Tri Gear. Egads.

This is the series of posts in which I confess how naïve I was about the amount of equipment one might want (need?) to become a triathlete. And, related, how much you can spend doing this. Swim, bike, run, right? So I just need a bike, some shoes, and a swimsuit? Simple!


I started this year with an agreed upon budget. Boy, that went fast.

The trick with this is that I love tools, toys, and gadgets so I’ve had some challenges reigning in my expenses — as Mrs. AdultOnset will no doubt agree.

To keep this brief and readable, I’ll break it up into a series of posts over the next few days.


First you need a swimsuit. And not your comfy and baggy ol’ beach shorts style. Oh, and the smaller and tighter the suit is the more you’re paying for the privilege of that exposure it will give you [to the world]. yeesh…

What else? In no particular order (and a ‘*’ indicates I purchased this year):

  • Kick fins – useful for kick drills and some swim drills
  • Kick board – kick drills again. I always just borrow one from the pool where I swim
  • *Hand paddles – useful for pull drills to work on form
  • Goggles – Right now I have one brand/model I like that fits my big face and doesn’t leak. I need to find another that offers some tint for outdoor morning swimming though.
  • Buoy – something to clench between your legs when doing pull drills to help keep the legs afloat
  • Gear bag – necessary to carry all this stuff around
  • Wet suit – cold open water swimming is cold. So cold. My wetsuit is sleeveless to better accommodate my shoulders and ape-length arms. No rub rashes ever, but it does leave my arms exposed to that cold water.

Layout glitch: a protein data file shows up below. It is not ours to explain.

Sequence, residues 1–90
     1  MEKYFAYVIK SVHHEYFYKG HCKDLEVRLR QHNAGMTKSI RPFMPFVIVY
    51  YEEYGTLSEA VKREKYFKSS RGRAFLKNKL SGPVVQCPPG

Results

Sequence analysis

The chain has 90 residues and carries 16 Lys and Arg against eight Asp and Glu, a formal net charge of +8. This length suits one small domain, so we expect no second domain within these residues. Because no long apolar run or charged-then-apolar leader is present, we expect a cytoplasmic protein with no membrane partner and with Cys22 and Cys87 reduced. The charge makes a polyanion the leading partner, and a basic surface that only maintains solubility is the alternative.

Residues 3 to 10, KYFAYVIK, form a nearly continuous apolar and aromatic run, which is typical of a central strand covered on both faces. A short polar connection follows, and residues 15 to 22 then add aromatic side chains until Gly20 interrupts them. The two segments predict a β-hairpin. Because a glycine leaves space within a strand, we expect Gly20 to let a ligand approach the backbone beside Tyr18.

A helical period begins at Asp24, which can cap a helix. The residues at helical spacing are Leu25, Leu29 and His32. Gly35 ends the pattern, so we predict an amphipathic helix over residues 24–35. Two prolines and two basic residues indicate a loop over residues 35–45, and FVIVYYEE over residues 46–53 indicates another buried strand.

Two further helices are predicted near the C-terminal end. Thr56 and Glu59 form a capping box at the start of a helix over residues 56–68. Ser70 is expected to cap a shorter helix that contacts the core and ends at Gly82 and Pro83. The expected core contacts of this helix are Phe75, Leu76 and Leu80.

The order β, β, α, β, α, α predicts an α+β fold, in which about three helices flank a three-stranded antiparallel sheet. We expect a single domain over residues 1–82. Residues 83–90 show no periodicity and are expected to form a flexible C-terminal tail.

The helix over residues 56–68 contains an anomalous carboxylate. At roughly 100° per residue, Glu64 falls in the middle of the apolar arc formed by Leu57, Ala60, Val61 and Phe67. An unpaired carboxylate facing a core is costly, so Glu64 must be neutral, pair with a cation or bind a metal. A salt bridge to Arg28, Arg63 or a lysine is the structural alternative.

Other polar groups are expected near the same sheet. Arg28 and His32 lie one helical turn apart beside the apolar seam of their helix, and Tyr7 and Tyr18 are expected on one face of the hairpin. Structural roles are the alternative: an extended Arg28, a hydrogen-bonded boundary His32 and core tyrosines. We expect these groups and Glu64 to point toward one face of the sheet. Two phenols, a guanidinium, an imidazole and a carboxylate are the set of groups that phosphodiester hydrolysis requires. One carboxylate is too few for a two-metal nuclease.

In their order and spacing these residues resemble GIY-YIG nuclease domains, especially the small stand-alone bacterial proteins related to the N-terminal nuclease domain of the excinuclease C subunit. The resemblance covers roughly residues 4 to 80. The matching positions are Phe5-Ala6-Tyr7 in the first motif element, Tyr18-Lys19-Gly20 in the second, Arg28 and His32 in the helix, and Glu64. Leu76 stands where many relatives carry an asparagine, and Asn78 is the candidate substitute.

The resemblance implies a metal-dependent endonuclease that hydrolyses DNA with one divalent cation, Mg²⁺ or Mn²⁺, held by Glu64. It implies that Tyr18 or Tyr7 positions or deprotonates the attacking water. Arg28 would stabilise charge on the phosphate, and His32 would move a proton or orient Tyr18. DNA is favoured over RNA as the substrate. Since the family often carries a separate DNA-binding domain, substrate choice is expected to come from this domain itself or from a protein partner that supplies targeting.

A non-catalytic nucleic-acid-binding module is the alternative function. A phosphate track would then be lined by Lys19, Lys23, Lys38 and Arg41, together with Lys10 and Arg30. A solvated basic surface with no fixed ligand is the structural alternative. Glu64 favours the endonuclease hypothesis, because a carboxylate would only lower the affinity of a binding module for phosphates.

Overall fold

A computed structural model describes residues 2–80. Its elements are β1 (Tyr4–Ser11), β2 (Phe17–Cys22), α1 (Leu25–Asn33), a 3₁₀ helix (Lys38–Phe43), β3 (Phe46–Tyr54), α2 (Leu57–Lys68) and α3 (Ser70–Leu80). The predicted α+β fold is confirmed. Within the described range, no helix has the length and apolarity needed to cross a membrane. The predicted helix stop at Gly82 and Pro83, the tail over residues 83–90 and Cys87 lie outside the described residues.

Late last season I picked up a pair of neoprene sleeves that I will experiment with this year. Trick is I don’t have the arms of the traditional 140 lb triathlete so the sleeves are a bit challenging to get on and off in any sort of timely fashion.

To Be Continued.

2 replies on “Tri Gear. Egads.”

You might add the ‘dry lubricant’ for putting on the skin tight wet suit on, flip flops to avoid picking up the athlete’s foot fungus in the shower, and the overpriced ointment when you contract it anyway. If you wear contact lens, figure your disposable lens usage will double as the small google leaks will allow chlorine to destroy a lens after two or three work outs. What about the the pool access fees! Sure you can mitigate with a membership when you swim at the hometown facility, but if you travel for work, you can really drop a bundle on ‘drop in fees’ as well.


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